New Report Says Natural Gas Bad for Climate – Because It’s Good for the Economy
This week, a group of researchers published a report in the journal Nature that hazards yet another attempt at organizing a semi-coherent case against natural gas qua an effective means of addressing climate change.
Of course, we’ve seen papers like this in the past, and we’ve addressed at length each of their respective bad-inputs, faulty assumptions and architectural inadequacies in previous posts. So, in short: what makes the recent report in Nature unique is not its bottom-line conclusion. What makes it unique is that, in order to arrive at that conclusion, these researchers had to argue that natural gas is so bad … because it’s too good. Clear as mud, right? Let us explain.
Boil it all down, and the report essentially assumes that America’s current natural gas abundance won’t be going away anytime soon, which likely will lead to a protracted stretch of low natural gas prices. The researchers argue that sustained periods of low natural gas prices will invariably have the effect of “accelerating” economic activity, which results in a future expansion of the economy. From there, the researchers claim that if natural gas development is “deployed globally” this same effect would happen worldwide.
An expanded economy means more jobs for workers, more revenue for state, local and federal governments, and reduced prices for consumers and businesses. So far, so good – right? For these researchers, though, an expanded economy leads to a scenario in which more energy will need to be marshaled to keep it running and growing – and, according to their models, that energy is likely to come (predominantly) from low-cost natural gas, as opposed to higher-cost nuclear and renewable energy.
In other words: a plenitude of natural gas leads to lower natural gas prices (agreed), which spurs significant economic growth (agreed), which creates a larger economy (agreed), which requires more energy to keep running (probably), which opens up new markets for natural gas (we hope!). And somehow, this is all supposed to be a bad thing? From their paper:
“[L]ower natural gas prices accelerate economic activity, reduce the incentive to invest in energy-saving technologies, and lead to an aggregate expansion of the total energy system … ” (p. 2).
Although we love seeing new studies released that confirm the critical role that natural gas development and use is continuing to play to strengthen the U.S. economy, it’s important to point out that models like the ones relied on (exclusively) in this report generally have serious limitations.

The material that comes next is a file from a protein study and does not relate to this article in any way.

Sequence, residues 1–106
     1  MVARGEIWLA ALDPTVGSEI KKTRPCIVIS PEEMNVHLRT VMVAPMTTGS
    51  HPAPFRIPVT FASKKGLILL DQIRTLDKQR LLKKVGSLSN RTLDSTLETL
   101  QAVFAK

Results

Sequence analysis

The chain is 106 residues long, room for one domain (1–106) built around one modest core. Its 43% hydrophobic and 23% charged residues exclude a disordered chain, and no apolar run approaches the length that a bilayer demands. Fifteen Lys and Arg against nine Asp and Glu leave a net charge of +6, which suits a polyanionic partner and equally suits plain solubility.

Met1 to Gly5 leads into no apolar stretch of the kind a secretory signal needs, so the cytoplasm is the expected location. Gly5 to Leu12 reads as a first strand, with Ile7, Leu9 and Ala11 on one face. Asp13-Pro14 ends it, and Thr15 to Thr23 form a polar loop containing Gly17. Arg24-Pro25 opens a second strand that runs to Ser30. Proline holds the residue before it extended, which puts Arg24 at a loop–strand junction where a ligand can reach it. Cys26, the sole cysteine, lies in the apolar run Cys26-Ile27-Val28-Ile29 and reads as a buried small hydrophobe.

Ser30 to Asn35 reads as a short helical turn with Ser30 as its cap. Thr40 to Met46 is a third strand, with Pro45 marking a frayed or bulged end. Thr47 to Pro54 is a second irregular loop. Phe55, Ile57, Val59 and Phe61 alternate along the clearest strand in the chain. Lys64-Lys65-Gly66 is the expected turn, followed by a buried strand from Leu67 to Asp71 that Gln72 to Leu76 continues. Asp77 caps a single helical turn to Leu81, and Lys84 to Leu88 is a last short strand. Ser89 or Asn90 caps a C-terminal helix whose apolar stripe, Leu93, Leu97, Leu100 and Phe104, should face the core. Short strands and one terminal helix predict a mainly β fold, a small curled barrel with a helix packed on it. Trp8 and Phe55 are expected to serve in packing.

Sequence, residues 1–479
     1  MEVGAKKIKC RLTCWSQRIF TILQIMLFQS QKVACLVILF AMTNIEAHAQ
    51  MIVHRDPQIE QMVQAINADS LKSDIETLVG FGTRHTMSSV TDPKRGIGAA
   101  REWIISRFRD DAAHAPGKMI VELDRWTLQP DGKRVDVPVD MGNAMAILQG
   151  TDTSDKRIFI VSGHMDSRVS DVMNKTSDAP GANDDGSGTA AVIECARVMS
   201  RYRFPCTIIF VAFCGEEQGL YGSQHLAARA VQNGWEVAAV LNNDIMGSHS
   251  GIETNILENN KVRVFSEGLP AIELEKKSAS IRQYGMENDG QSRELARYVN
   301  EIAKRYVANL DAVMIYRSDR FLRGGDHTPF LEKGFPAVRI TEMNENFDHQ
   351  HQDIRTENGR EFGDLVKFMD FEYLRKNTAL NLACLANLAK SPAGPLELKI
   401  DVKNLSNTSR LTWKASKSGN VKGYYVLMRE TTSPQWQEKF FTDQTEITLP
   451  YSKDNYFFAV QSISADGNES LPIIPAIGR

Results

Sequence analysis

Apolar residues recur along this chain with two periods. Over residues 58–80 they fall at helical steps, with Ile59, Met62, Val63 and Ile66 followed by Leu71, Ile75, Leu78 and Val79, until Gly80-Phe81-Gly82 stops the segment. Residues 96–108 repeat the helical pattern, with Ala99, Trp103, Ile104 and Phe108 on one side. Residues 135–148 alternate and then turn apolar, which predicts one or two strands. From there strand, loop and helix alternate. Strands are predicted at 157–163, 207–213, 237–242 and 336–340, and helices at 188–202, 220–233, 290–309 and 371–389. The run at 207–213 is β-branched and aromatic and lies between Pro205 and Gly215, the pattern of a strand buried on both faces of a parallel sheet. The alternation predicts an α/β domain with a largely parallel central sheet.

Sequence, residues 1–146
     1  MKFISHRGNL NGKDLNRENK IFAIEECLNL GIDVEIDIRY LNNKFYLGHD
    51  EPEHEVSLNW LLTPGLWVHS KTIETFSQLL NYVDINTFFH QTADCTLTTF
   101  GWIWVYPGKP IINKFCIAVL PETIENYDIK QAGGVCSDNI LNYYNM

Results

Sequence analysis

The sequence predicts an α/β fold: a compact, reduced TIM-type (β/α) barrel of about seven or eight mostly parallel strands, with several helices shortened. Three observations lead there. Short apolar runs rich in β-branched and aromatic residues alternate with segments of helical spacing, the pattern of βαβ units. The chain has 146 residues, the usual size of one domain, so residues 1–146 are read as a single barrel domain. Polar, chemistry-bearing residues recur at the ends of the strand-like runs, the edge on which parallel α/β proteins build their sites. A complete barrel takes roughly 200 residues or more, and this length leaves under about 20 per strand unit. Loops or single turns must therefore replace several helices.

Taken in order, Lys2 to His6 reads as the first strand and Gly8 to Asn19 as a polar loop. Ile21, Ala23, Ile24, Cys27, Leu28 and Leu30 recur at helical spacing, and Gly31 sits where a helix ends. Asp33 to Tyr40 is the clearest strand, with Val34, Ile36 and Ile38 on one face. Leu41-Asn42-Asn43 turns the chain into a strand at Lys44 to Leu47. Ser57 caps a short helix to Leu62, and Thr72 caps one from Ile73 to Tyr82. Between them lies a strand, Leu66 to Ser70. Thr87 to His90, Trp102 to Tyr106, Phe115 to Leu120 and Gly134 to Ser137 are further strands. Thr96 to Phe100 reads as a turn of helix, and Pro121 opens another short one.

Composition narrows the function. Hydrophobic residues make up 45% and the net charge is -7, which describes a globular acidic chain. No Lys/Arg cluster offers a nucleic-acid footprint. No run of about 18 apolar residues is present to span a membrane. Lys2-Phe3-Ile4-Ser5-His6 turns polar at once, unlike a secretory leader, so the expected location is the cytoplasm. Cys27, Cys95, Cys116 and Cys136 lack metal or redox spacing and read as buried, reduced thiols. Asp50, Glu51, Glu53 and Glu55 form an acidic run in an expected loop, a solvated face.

In this case, the models used by the researchers go completely against what we know from current trends: the reality is that cheap, abundant natural gas is already here, and has been for quite a while. It’s already stimulating significant economic growth – and the actual, real results of this influx of natural gas are exactly the opposite of the trends that the report predicts through its hypothetical modeling exercises. For instance, the report states:
“All five models found that gas substitutes for all other primary fuels—such as nuclear and renewables—although coal loses the largest market share in all models (Fig. 3a).” (p. 2)
Contrary to these predictions, as natural gas use has grown, providing affordable energy for consumers, so too has the use of renewable energy. In fact, a recent report by the Energy Information Administration (EIA) found that natural gas, solar and wind are increasingly being used to generate new power:
“In the first six months of 2014, 4,350 megawatts (MW) of new utility-scale generating capacity came online, according to preliminary data from the U.S. Energy Information Administration’s Electric Power Monthly. Natural gas plants, almost all combined-cycle plants, made up more than half of the additions, while solar plants contributed more than a quarter and wind plants around one-sixth.”
In other words, at a time when the United States is achieving record natural gas production, which is driving down natural gas prices, natural gas has in no way “crowded out” renewables.
These trend-lines are clear, and can be seen in action, empirically, all throughout the country. Take Texas for instance: the state is not only leading the nation in oil and natural gas production, but according to EIA:
“Texas leads the nation in wind-powered generation, with over one-fifth of the U.S. total.” (emphasis added)
In reality, natural gas is helping renewables grow because natural gas provides the clean-burning baseload power that these industries need to prevent outages when the wind doesn’t blow and the sun doesn’t shine. That’s why a report by the Texas Clean Energy Coalition found natural gas and renewables “are complementary, not competing, resources.”
And you don’t have to just take our word for it. Many in the renewables industry agree that natural gas has been a benefit to their companies and members. As Rhone Resch, CEO of the Solar Energy Industries Association, recently explained, “Natural gas and renewables complement each other very nicely.”
UC-Berkeley professor Richard Muller put it best in a report explaining why environmentalists should embrace hydraulic fracturing and natural gas: